History of Carrig National School

catherine-mahonCatherine Mahon

1869 – 1948

Catherine Mahon, the eldest of seven children, was born in Lacka, North Tipperary on May 15th 1869. She was educated at Birr Convent of Mercy, where she was employed as a monitor from the age of 15 until she qualified as a national teacher at 21 years of age.

After qualifying, she worked for the Mercy sisters, teaching in Tulla National School and Nenagh convent N.S. in 1890 -1891. In September 1891, she was appointed principal of a small school in Glenculloo Co. Tipperary but left in April 1892 to take up an appointment in her native parish as principal of Carrig N.S. She continued working in Carrig until her retirement.

Catherine was very involved in the I.N.T.O. and became the first woman president of the organization in 1912 and served again in 1913, the only woman president to serve two terms since the rules governing elections were framed in the early 1900’s.

In addition to her involvement in the I.N.T.O., she participated in many of the movements which were seeking to bring about political, social and cultural change in the Ireland of the opening decades of the 20th century. Catherine was an ardent home ruler, an enthusiastic supporter of the Gaelic League and her involvement in the suffragettes movement probably motivated much of her work on equality issues within the I.N.T.O.

Catherine retired from teaching in 1934, the year she also became the first woman elected to North Tipperary, Co- Council. She was also the first woman to sit on the North Tipperary Health Board. Her term on the council ended in 1941, by which time she had retired to Balbriggan Co- Dublin. Catherine died in Balbriggan on February 27th 1948

The Irish School Weekly of March 1948 reported:

“In the annals of the I.N.T.O., the name and deeds of Catherine Mahon will occupy a large and deservedly honoured place. May she rest in peace”.

Poem - Miss Catherine Mahon

A decision by the national teachers was somehow a mystery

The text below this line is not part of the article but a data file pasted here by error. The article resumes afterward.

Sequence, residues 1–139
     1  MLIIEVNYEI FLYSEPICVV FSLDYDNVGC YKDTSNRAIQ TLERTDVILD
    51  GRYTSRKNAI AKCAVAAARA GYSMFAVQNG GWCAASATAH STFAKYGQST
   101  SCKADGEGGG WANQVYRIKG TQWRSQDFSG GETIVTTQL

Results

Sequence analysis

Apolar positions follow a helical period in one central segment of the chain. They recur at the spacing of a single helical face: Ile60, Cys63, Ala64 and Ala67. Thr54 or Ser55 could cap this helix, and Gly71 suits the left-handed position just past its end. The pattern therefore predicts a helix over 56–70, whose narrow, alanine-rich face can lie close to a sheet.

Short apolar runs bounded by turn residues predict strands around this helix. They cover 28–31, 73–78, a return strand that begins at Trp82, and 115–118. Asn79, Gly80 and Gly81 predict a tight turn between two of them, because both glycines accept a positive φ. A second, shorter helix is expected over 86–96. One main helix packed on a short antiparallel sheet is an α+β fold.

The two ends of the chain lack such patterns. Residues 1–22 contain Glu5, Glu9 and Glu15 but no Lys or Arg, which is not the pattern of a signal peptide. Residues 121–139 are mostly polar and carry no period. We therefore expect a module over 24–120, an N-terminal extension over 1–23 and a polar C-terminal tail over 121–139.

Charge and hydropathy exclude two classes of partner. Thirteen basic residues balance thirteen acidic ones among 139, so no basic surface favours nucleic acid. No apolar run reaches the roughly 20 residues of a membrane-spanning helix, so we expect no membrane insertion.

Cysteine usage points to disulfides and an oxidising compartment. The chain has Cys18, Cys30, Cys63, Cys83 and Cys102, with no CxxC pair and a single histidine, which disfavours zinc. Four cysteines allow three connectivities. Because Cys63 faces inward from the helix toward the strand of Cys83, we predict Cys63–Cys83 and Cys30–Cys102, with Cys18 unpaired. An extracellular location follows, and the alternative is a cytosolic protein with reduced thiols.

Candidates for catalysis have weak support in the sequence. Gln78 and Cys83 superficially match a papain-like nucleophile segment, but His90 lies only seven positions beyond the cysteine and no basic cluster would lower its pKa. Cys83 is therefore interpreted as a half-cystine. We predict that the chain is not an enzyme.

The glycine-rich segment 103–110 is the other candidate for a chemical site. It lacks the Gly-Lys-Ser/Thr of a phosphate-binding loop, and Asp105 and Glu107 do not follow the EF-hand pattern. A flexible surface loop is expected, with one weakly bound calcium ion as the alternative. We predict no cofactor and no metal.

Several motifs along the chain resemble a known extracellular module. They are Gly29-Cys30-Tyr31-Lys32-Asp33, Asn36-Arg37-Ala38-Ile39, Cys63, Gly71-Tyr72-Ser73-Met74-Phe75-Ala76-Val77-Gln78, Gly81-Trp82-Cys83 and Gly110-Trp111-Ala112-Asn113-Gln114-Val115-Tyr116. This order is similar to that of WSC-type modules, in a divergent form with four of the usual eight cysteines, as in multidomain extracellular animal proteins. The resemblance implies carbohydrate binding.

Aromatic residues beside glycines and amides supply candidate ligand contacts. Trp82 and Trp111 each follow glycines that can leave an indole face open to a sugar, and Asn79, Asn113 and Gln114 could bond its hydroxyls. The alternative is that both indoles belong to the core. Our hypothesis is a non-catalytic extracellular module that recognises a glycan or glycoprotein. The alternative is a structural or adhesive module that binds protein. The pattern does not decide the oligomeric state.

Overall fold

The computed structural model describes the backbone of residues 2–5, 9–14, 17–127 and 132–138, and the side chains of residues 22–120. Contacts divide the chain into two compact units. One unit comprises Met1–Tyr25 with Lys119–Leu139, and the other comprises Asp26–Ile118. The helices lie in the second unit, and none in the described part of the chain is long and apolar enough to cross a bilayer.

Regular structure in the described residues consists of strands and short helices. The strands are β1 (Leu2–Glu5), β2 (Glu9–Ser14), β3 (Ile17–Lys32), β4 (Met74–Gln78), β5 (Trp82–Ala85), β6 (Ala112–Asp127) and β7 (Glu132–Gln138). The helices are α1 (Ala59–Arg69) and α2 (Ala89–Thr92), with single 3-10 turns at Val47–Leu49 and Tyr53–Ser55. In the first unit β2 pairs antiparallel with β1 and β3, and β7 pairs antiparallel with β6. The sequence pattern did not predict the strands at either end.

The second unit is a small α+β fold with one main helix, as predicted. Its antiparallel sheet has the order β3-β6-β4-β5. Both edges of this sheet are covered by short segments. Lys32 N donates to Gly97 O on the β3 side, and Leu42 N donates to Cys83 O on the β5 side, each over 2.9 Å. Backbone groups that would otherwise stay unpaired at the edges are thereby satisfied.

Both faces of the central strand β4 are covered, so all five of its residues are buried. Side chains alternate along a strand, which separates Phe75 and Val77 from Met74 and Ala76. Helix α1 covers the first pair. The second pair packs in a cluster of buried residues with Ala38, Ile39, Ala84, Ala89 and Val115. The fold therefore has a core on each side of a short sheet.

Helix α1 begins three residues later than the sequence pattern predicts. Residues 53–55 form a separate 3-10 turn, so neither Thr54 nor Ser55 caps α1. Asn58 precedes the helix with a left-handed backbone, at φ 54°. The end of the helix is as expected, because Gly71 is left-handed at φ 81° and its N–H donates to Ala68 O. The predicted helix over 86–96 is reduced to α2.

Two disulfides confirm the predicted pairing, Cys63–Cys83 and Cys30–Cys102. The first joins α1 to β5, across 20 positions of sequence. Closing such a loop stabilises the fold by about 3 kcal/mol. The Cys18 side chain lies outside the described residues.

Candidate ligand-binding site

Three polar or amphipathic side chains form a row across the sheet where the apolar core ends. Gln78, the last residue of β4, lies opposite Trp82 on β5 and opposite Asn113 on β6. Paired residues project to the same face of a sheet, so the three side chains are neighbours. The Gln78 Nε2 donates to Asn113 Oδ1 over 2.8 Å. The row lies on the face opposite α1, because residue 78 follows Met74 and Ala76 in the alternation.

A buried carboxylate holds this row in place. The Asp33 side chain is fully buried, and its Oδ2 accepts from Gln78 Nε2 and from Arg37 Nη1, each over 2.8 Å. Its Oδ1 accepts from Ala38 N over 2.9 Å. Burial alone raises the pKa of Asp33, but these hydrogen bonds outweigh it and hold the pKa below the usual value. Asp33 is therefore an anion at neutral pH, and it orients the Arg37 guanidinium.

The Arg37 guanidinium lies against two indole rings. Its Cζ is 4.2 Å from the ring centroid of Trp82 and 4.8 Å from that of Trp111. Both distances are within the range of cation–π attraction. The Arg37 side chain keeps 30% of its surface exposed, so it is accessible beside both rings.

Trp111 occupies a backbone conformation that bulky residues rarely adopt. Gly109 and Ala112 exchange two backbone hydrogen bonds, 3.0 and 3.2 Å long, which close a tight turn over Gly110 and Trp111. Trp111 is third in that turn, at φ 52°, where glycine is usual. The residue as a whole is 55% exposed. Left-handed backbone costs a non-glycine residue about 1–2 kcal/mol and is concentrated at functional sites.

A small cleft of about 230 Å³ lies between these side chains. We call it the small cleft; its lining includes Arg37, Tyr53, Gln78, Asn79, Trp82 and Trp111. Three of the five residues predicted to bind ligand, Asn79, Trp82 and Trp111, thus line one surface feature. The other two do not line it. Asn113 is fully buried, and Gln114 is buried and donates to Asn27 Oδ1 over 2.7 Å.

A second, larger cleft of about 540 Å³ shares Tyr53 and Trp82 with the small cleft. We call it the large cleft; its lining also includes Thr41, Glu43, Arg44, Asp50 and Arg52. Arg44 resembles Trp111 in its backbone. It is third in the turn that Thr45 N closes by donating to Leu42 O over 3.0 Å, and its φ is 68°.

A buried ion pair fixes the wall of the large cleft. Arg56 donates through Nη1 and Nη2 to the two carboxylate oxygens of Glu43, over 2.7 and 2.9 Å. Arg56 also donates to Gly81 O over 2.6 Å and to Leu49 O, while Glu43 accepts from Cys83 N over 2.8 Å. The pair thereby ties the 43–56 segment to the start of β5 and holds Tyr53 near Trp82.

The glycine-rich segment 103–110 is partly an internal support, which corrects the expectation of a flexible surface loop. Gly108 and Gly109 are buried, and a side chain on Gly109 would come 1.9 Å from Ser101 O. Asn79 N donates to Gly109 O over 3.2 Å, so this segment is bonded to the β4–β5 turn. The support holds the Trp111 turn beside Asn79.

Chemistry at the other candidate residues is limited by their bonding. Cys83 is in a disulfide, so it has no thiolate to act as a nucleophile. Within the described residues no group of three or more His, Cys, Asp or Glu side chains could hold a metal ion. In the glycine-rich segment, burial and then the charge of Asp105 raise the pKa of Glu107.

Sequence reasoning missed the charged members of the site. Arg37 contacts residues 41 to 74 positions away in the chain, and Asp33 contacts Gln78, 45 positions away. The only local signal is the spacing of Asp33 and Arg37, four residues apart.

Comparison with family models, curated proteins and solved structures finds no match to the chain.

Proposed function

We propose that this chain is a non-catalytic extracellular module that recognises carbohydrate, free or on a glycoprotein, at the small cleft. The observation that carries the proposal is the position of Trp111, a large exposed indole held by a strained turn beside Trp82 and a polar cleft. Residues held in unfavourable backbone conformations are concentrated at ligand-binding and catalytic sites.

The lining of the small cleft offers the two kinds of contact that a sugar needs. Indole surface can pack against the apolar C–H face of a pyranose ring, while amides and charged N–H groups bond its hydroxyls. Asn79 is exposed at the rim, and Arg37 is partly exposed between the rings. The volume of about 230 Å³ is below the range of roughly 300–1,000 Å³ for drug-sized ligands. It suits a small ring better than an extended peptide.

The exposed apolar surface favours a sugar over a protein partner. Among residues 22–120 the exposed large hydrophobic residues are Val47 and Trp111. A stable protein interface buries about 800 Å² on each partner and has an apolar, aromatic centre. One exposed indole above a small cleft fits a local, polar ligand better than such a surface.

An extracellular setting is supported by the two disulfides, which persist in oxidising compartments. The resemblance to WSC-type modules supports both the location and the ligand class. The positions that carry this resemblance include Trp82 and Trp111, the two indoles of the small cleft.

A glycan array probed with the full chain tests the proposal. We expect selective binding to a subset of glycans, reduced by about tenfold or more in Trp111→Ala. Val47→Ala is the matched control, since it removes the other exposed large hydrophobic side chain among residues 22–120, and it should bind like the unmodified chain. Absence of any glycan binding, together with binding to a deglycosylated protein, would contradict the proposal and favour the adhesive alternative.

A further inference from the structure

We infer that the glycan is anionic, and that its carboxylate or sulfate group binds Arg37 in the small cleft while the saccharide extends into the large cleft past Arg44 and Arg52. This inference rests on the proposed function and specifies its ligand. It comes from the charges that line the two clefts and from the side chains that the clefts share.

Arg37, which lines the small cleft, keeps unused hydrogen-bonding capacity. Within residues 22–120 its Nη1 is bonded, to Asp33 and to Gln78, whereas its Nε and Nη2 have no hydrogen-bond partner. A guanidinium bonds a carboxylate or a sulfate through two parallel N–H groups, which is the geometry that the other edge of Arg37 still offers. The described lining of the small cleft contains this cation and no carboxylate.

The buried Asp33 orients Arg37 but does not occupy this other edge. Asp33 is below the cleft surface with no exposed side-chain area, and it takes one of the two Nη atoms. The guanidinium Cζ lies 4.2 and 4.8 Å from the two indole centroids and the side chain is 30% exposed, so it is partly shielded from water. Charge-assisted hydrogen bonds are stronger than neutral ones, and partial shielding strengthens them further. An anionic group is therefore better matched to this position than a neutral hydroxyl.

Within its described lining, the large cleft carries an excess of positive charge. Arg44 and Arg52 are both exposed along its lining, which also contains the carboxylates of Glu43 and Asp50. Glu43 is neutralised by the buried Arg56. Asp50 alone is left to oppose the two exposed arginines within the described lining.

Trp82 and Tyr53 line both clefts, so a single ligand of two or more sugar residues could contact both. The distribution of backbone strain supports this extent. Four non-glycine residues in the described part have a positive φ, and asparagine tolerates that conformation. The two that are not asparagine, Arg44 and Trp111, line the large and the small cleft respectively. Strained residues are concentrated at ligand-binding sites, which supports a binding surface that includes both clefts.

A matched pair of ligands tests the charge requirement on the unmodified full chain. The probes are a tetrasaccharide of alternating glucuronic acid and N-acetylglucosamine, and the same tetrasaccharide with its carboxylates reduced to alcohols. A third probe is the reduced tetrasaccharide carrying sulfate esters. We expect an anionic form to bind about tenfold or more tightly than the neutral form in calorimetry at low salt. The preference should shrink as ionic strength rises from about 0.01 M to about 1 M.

And they created their own little piece of history
When contrary to tradition, they established a precedent
By electing a female as their union president.

Miss Catherine Mahon from the parish of Loughkeen
Was their chosen candidate for nineteen twelve – thirteen
A unique teacher who was known far and wide
For her independence, discipline and clarity of mind

From the school in Carrig her students were noted
For their handwriting which she meticulously promoted
And her concern for the poor was frequently evident
When she realised somebody was genuinely indigent

The youngsters all knew of it was safe to have fun
If Miss Mahon arrived with her hair in a bun
But it being done up in curls was an ominous symbol
And they realised there reason for fearfully tremble

She lived in Carrig village with her school near at hand
And was known in troubled times to have defined the Black and Tans
When in spite of an edict, as their convoy was passing her station
She had her pupils out marching in military formation

Being involved in politics she was seen rehearsing her speeches
Alone in the fields among the tall branches
And gesticulations were selected to duly emphasise
her admonitions, statements and utterances erudite

Eventually on retirement, she moved to north Co. Dublin
But in Carrig her name will never be forgotten
May her work be for all of us a legacy of inspiration
And may she rest in peace in her adopted Balbriggan.